Do you also feel like the environment around you is changing faster than before? That the tools and processes you built your business on no longer work at all, or at least not the way you were used to? That everyone around you has easily adapted to the trends, only you are standing on the sidelines worrying about how to get enough clients and at least make enough money to cover your costs?

Something changes in the market almost all the time. But there are times when the changes seem somehow bigger and faster to us. This year, these three trends in particular strike me as significant:

Social media reach is falling

Social networks are no longer the easy and free tool to reach customers. Gone are the days when it worked to put a few content posts and one sales post in between. Valuable content is created by a lot of people, so it’s hard to be visible. And even if you have thousands of fans, some of your posts are not seen by anyone at all. Oddly enough, it’s usually the ones where you’re trying to sell something.

There’s a second thing I see as worse. Whenever you want to put a link on a network, you’re choosing between customer convenience and algorithm rules. Complying with the algorithm is kind of harassing the clients. I don’t believe anyone enjoys searching for a link among 150 comments or writing YES under a post and then interacting with an AI in the chat. If you comply with the customers and put the link right at the end of the post, you risk it immediately disappearing into the sinkhole of history.

Still, we don’t control social networks. So it’s worth relying on other tools alongside them, such as your own website or email database.

The online boom has passed

You feel this quite clearly especially if you started your business during the pandemic or converted your services to online form under its influence. Online courses and webinars just don’t pull anymore. Especially the “dead” ones, as I call self-study courses.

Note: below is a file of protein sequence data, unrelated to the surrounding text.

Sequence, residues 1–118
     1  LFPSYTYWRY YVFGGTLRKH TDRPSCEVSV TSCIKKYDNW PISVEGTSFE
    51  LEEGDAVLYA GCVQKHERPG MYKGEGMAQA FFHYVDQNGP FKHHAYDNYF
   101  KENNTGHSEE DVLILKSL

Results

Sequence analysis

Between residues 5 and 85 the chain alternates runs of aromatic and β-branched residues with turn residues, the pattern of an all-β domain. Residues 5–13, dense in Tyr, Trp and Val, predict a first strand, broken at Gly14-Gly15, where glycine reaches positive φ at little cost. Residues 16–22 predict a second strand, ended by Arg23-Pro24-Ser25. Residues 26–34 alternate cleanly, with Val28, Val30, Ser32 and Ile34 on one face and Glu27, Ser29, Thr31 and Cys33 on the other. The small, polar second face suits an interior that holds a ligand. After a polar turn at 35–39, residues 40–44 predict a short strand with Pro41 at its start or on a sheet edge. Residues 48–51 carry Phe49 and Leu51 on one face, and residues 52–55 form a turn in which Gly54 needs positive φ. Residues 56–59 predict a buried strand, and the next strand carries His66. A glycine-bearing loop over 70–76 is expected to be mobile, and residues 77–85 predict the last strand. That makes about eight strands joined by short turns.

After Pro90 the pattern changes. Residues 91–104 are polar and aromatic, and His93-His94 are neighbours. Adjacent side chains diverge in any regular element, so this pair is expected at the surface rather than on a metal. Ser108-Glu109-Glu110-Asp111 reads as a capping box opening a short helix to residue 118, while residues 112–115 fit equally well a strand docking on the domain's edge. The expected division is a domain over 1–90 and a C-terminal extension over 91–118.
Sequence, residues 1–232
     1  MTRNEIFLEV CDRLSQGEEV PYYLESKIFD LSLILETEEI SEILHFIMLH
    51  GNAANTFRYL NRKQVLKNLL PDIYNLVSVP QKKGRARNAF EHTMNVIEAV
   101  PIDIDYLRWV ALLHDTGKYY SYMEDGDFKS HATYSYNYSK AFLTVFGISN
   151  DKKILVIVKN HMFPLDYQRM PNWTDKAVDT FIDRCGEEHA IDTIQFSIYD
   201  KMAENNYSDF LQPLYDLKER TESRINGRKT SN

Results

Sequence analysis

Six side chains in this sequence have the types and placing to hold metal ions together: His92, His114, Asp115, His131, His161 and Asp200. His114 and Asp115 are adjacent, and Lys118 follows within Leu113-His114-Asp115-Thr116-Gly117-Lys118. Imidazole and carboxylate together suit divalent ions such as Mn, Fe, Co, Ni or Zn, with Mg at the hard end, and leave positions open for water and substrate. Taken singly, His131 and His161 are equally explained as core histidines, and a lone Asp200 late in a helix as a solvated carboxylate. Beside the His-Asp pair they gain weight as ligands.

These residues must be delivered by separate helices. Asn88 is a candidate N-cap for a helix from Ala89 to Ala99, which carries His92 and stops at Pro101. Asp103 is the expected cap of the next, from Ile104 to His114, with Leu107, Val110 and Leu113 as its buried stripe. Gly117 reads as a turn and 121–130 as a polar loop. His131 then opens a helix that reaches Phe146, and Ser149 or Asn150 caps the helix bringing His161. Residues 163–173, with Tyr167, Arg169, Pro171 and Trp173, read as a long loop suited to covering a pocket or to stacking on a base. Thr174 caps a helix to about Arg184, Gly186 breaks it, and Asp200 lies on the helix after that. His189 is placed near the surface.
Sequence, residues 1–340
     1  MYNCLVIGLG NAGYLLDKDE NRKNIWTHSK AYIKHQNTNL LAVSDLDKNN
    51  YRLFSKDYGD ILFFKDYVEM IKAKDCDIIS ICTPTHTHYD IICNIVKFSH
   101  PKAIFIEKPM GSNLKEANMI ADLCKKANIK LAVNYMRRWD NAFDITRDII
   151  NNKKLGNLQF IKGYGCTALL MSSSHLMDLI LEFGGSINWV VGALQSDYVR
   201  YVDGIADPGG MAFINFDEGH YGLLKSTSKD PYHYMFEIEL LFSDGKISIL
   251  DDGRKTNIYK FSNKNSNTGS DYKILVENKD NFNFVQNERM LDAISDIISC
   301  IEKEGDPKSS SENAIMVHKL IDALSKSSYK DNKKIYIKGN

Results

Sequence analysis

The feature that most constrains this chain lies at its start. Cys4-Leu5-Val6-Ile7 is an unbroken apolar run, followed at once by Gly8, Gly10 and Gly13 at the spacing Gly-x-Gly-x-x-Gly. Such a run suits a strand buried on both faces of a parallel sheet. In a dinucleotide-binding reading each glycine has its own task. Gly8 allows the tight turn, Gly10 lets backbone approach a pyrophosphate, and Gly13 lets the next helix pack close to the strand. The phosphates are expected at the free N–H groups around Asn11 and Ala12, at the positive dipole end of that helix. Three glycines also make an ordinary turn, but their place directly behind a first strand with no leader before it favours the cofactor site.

Lots of people openly state that they prefer to meet people in 3D rather than on the screen. So it could easily seem that time is playing into the hands of live events. It would be true if we hadn’t gotten too comfortable over the last few years. From what I see around me, most people are considering whether it’s really worth swapping their comfy sweatpants and slippers for presentable clothes and going somewhere.

Online events and courses still work. But you have to take into account that people are already a bit over-saturated with them and are carefully considering what to spend their precious time on. It also seems to me that participants in courses are behaving much more passively. They ask fewer questions, they watch the live broadcasts more often from a recording, and the willingness to share something with other participants has also decreased. As creators, we need to take this into account and think more about how to engage participants.

AI is everywhere

Even if you don’t use specialised tools to generate text or images, you still can’t avoid AI in the online world. It’s part of photo editing programs, online translators and web browsers. It transcribes text from video, creates subtitles, proofreads, invents logos, and removes backgrounds and unwanted objects from images.

Sometimes he creates six-fingered women, levitating glasses and five-legged dogs. She can also tell you to turn left at the Slovak-Spanish border or add pork belly and dumplings to a Vietnamese specialty. But these are childhood illnesses that will probably get better with time.

A lot of graphic designers, illustrators and translators are worried about their jobs. Copywriters have mostly learned to use AI and teach others how to write good prompts. Some freelancers have quickly jumped on the new wave, others can’t help but wonder. In contrast, craftspeople and physiotherapists are always busy for months ahead. As long as there are less routines and more human touch in your work, I think you can stay fine.

Some practical tips

To me, doing business in uncertain times means not being afraid to look for new solutions. Here are some tips to get you started.

1. Calm down

Seriously. This too shall pass. Business always comes in waves. There’s practically always a crisis raging somewhere, and constant change is pretty much the only thing you can count on.

So take a deep breath. Feel the air flow in through your nostrils, down into your belly, and then out again. Repeat several times. And come back to it every time you start to panic.